Louisville's Teddy Bridgewater purchased insurance that would pay him $5 million if he falls out of the top 10 * and* the fall can be proved to have been caused by injury or illness.
Bridgewater purchased a $5 million loss-of-value insurance policy after the 2013 season, ESPN.com reported. That came on top of his $10 million total disability injury policy. Disability insurance has become common among top prospects, but ESPN.com reported that, "It is believed that no player who has bought loss-of-value insurance for the NFL draft has actually collected."
Bridgewater seems increasingly likely to go outside the top 10, but there have been no injury or illness concerns that have been made public. Instead, Bridgewater critics point to his relatively mediocre pro-day workout as a reason he is dropping on draft boards.
NFL Media draft analyst Mike Mayock recently explained his reasoning for dropping Bridgewater: "I saw about four of his tapes prior to the combine, and I really liked him. I thought he had a chance to be a franchise quarterback from what I saw on the tape. ... Except you've got to see the quarterbacks throw the ball live. I've never seen a top-level quarterback in the last 10 years have a bad pro day, until Teddy Bridgewater. He had no accuracy, the ball came out funny, the arm strength wasn't there, and it made me question everything I saw on tape because this was live. I went back and watched a bunch more tape and compared him to the rest of the guys in the draft. And like it or not, I've come to a conclusion -- if I was a GM in the NFL, I would not take him in the first round of the draft."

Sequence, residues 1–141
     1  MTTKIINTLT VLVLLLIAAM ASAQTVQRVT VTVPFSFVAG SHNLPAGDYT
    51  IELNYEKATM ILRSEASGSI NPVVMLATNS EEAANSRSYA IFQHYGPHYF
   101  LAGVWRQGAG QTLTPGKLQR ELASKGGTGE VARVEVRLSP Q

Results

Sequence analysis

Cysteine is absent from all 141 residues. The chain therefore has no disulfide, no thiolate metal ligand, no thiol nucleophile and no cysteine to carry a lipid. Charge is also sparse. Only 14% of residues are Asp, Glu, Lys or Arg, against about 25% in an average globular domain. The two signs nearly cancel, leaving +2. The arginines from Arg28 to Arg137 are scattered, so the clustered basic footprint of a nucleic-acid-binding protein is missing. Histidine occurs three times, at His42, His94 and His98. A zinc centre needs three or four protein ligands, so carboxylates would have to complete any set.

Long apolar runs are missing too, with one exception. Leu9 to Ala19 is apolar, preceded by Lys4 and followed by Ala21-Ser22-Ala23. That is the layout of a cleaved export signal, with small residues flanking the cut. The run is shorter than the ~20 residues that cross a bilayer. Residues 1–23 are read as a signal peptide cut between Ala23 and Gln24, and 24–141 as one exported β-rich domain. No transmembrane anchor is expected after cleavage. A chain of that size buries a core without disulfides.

But it's not just his bad pro-day workout. In mid-January -- more than three months ago and about three weeks after Louisville's season ended -- NFL Media draft analyst Daniel Jeremiah tweeted that "I know several teams that don't view him as a 1st-round player."
It's to the point now that NFL Network analyst Curtis Conway says that if Bridgewater falls into the second round, "He will definitely be the best bargain in this draft."
It was reported that the loss-of-value policy cost less than $20,000. Again, though, the only way for Bridgewater to collect is to prove illness or injury caused the loss of value.